Hamilton introduced the updated Khaki Field Mechanical in early 2018, which complemented the original hand-wound model without replacing it. The dial dropped the 3 o’clock date and adopted a vintage military aesthetic from its mid-20th century archives (the Hamilton “Hacked”). Back then, the now-Swiss brand was American and produced robust, reliable watches for the military with hacking seconds for soldiers to synch time. The 2018 edition proved to be wildly popular as a no-nonsense, hand-wound field watch for almost every occasion (with a very palatable price tag). New colours were introduced in 2019 with an upgraded movement as well – still hand-wound, but with almost double the power reserve. The latest iteration comes with a black PVD case and black dial and goes full stealth for those seeking an edgier design.
The case dimensions are unchanged and go back to the earlier Khaki Field Mechanical with date. At 38mm in diameter, it’s a bit on the smaller side but maintains that vintage charm while still being contemporary and very wearable. The new colours from earlier in 2019 introduced a brownish PVD case alongside the sandblasted silver models, but this new black PVD version really changes things up.
Although the dial design is the same, the black-on-black colour scheme separates this model from the others more than I expected. The back is solid unlike some automatic Khaki Field counterparts, but features a cool two-toned satin and sandblasted finish with the brand’s vintage H logo in the latter section. The signed crown also features the vintage H and the crystal is durable sapphire. It’s a bit on the reflective side (and black dials compound this), but I’ve seen worse. Like every Khaki Field Mechanical 38mm before it, the case is water-resistant to 50 meters.
The dial is classic Hamilton with unmistakable military roots. I had a couple of vintage models on hand for comparison and the similarities are clear. Next to a 1981 US Military Ref. MIL-W-46374B, the dials are almost identical save for a lack of full branding on the military piece. A 1984 L.L. Bean-branded Hamilton field watch (common co-branding in the 1980s) had a similar setup with thinner numerals.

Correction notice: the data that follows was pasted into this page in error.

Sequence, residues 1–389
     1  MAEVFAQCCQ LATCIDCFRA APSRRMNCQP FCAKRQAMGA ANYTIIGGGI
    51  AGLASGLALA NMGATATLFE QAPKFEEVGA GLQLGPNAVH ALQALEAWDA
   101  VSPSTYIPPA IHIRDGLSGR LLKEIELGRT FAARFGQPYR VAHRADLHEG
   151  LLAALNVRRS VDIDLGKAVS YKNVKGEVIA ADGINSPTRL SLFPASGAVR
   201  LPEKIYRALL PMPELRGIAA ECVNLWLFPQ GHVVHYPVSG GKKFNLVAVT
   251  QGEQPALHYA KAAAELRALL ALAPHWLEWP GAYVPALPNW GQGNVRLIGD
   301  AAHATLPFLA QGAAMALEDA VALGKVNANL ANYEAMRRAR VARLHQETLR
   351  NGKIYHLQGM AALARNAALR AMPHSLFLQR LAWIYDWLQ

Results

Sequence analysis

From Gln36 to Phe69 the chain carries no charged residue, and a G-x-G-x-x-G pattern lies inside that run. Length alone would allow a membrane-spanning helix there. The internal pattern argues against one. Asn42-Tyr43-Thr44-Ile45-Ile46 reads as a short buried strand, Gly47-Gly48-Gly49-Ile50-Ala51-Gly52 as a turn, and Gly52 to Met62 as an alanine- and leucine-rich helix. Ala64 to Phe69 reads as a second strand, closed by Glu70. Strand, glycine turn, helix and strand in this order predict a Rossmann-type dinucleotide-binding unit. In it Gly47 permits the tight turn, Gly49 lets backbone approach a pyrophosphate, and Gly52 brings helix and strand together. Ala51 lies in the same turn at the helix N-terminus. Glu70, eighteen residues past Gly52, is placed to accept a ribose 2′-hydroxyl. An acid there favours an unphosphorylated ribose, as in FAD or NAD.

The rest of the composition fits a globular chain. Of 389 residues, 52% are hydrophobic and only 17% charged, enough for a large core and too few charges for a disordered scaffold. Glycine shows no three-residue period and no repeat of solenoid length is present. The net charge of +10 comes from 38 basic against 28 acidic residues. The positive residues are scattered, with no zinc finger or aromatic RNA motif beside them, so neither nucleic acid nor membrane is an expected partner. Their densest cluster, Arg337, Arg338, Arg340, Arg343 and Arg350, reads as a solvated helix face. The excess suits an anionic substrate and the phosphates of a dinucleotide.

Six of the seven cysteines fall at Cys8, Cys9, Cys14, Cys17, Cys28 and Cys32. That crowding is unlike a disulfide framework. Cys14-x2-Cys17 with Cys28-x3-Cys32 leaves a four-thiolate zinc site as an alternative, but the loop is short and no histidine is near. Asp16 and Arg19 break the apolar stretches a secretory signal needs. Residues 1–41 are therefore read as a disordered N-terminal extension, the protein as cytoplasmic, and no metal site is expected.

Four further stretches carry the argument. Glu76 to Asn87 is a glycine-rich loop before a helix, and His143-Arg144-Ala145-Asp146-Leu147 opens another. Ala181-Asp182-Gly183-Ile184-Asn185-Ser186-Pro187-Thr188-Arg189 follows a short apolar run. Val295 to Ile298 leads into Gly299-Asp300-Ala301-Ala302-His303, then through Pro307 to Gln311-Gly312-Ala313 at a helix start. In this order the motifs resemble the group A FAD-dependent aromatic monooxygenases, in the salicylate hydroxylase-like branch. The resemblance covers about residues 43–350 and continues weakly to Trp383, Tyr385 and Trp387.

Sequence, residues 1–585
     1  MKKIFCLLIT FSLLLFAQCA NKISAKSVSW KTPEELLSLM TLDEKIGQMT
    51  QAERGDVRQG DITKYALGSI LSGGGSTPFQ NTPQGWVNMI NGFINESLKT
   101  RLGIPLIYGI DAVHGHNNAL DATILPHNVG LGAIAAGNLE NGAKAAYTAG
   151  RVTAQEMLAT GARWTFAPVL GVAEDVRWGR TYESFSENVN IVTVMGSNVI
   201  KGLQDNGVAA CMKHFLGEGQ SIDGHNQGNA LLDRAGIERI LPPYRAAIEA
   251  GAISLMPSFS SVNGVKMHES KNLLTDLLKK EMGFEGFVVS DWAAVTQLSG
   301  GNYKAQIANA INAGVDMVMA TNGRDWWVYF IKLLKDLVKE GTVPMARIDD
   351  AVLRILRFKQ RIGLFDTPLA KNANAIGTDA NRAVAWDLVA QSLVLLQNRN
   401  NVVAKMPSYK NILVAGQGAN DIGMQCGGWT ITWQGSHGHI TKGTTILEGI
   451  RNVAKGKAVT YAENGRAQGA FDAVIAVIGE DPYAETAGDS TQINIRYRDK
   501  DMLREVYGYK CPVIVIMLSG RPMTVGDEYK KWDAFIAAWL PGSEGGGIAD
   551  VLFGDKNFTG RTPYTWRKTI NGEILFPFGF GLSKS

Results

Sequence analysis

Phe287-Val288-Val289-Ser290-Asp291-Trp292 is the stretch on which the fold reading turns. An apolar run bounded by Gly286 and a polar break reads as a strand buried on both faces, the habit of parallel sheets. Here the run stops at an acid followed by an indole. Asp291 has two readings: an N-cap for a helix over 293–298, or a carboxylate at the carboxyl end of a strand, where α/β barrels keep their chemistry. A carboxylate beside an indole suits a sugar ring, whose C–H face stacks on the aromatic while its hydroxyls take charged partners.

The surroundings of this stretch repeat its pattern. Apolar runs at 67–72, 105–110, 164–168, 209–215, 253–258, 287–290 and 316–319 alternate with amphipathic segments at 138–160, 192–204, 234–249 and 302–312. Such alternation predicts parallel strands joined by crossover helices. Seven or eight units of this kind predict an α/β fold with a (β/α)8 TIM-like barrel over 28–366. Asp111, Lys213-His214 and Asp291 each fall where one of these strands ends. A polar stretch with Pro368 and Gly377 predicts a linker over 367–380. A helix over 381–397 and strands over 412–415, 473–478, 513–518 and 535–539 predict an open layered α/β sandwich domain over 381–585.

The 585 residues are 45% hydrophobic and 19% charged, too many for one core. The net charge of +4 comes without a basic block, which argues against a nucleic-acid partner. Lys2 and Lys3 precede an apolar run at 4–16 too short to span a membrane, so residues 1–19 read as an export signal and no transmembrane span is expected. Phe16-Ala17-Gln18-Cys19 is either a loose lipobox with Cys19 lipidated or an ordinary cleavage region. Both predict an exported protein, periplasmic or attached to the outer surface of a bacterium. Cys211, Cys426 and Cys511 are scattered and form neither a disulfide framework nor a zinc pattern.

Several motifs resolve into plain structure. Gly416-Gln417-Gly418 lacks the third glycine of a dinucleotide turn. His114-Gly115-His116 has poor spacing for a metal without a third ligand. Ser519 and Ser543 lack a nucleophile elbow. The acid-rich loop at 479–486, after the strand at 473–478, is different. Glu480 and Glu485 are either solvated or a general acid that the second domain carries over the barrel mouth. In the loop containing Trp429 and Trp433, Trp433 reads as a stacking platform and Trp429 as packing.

Although the new model is only 38mm, it still dwarfs the decades-old models. The black dial has a double-hour scale featuring large 12-hour Arabic numerals and smaller 24-hour (13 to 24) numerals circling just inside. HAMILTON is printed small near the top and is the only branding – the earlier variant featured KHAKI MECHANICAL at the bottom. As previously mentioned, the date has been dropped in favour of being a traditional, time-only piece. The hands and triangular minute markers feature sand-coloured (faux patina) Super-LumiNova. The blacked-out aesthetic provides a more formal appearance in the office and stealthy vibe should you find yourself on a nighttime covert mission.
The movement has been upgraded from the hand-wound ETA 2801-2 at the initial 2018 launch to Hamilton’s proprietary H-50 calibre (ETA base) that pushes the power reserve from 42 to 80 hours. An impressive feat for such an affordable piece. It has 17 jewels, beats at 21,600vph (3Hz) with that 80-hour power reserve. Accuracy has been impressive in my week-long test, gaining only five seconds per day. It remains unseen behind the steel case back but is a well finished (yet undecorated), aesthetically pleasing movement. An exhibition case back option would’ve been awesome.
The Hamilton Khaki Field Mechanical 38mm series is among the most affordable Swiss pieces of its kind. With the exception of a few burgeoning microbrands, the Seiko 5 collection is among the only real competition in terms of value. The Black PVD variant adds a stealthy design element that I suspect many will prefer. It comes with a matching dark grey NATO strap with black loops and PVD coated buckle and can be swapped with a 20mm conventional two-piece strap if desired (I’m admittedly not the biggest NATO strap fan).
Price and availability
The new Hamilton Khaki Field Mechanical 38mm black PVD retails for EUR 495 or USD 545, which is a bit more than the standard model’s EUR 445 / USD 495 price, but the all-black design is worth the modest increase. For a mechanical field watch with an upgraded ETA base offering 80 hours on a full wind, this is a real bargain. And the overall quality of the watch is, when considering the price, pretty impressive. Visit Hamilton’s website for more information and orders.